This article was published in 2021, in Magazine 153.
Did you know that Cambridgeshire & Peterborough Road Safety Partnership (now the Vision Zero Partnership) aimed to reduce the number of deaths and serious injuries to cyclists by 40% between 2015 and 2020, but it actually rose 2% instead?
The last few weeks have been some of the most terrible we’ve known for cyclist injuries and deaths in our region. A man in his 50s was killed cycling in Royston. Chris Mardlin was killed near Huntingdon Jubilee Park. A young physiotherapist, Anna Garratt-Quinton, was killed on her way to work at Addenbrooke’s hospital in Cambridge. Several other people have been left with life-changing injuries, and a pedestrian, Kathleen Pitts, was killed on the southern section of the Busway path, close to the spot where Steve Moir was killed while cycling home in 2018.
It’s time to ensure no more lives are needlessly cut short, no more families are left suffering.
In memory of Anna Garratt-Quinton, Camcycle placed a white ghost bike at the Addenbrooke’s roundabout at 8am on the morning of 14 October, one week after her death. We also launched a new campaign for Safe Junctions, calling on those who make decisions on transport in the region to take rapid action on dangerous junctions across Cambridgeshire and Peterborough.
We want to see problems at locations that have seen recent collisions immediately addressed and safety issues removed for people walking, cycling and using other active travel modes at junctions across the county.
The Vision Zero Partnership must lay out its plans for all 45 of the current ‘collision cluster sites’. The Police and Crime Commissioner Darryl Preston, who has already declared road safety to be one of his priorities, must make clear how he will eliminate deaths and serious injuries on our county’s roads. The Addenbrooke’s roundabout must be immediately reviewed, with conflicts between motor vehicles and vulnerable road users designed out and priority given to buses and emergency vehicles. The principles of safe, healthy and accessible transport must be urgently integrated into every aspect of local transport and planning policy. All local authorities must work together on an audit of junctions, based on the latest government standards on inclusive cycle infrastructure design, LTN 1/20, to identify urgent improvements and make active travel safe.
Since we launched our Safe Junctions campaign, over 600 people have signed our petition, many leaving pins on our map or comments about the junctions they would most like to see improved. The Greater Cambridge Partnership (GCP) has added the Addenbrooke’s roundabout to decision-making on its ‘Cycling Plus’ scheme for the A1134 North-South (Perne Road, Mowbray Road and Fendon Road) link, when previously this lethal junction was marked as ‘out of scope’. We spoke at a recent meeting of the GCP Joint Assembly calling for high-quality junctions at this roundabout and the Catholic Church junction (part of a proposed scheme for Hills Road). It is extremely frustrating that both these junctions have been changed in the last decade using active travel money, but safety concerns – raised by Camcycle and others – were ignored. In 2013, the county council’s cycling champion, speaking about the Catholic Church junction said: ‘We can’t go all the way this time’. In memory of all those hurt or killed while cycling in Cambridgeshire, we must go all the way now.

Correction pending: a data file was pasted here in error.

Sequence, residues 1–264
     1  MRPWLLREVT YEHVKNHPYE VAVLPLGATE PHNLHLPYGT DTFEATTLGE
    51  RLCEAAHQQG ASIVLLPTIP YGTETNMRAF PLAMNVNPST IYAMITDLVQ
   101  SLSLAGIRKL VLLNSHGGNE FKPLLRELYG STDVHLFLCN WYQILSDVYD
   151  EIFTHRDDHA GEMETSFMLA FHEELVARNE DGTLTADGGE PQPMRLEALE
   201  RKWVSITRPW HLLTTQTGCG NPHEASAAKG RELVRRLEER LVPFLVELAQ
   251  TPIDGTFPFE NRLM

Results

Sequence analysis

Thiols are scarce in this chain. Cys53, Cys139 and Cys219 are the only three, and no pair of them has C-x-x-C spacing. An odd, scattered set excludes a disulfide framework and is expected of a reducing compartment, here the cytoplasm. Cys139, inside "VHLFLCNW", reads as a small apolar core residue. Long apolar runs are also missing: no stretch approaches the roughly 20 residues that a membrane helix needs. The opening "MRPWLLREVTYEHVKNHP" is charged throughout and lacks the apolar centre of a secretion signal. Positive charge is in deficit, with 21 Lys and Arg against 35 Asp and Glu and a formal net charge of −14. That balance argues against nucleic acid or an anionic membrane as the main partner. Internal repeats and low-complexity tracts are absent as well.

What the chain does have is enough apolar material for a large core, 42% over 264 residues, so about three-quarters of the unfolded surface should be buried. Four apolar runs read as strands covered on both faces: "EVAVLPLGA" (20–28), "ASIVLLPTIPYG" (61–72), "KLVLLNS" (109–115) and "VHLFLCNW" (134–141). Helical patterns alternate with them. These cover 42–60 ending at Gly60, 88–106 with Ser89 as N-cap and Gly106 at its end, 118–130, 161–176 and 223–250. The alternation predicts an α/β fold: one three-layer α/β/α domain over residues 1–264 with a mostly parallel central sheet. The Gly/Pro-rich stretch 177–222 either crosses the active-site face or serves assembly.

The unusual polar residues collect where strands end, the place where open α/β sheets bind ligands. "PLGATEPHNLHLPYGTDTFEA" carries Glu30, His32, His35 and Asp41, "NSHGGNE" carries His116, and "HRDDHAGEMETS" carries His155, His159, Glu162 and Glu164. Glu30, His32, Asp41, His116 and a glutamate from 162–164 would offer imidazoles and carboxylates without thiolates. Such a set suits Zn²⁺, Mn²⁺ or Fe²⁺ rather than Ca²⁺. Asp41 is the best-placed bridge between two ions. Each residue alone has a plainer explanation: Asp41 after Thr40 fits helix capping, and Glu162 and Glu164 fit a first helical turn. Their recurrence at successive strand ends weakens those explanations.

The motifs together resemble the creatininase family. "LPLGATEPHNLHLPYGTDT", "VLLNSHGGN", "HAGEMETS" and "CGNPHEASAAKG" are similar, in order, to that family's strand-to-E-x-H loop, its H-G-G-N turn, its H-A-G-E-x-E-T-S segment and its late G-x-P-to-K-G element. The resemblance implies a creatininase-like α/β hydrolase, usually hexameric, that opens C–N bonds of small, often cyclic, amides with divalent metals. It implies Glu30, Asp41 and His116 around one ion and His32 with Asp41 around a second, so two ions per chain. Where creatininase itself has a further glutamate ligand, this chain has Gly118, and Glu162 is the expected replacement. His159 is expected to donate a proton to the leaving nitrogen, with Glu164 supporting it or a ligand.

Sign our Safe Junctions petition and write to your local county councillor about safety concerns on routes you use.
Busway changes long overdue
While junctions are amongst the most dangerous locations, the campaign for safety doesn’t end there. Following the death of Kathleen Pitts on the Busway path south of Cambridge station, we spoke to local media about the safety improvements needed and will be meeting with local councillors in the coming weeks. After Steve Moir was killed, nearly 4,000 petitioners called for the speed limit to be reduced from 52mph to 20mph. It was cut to 30mph and white lines were painted along the path. These changes did not go far enough then and are still not enough today. As we made clear in an article in our Winter 2019 issue, the path needs widening to cope with the huge number of people walking and cycling here.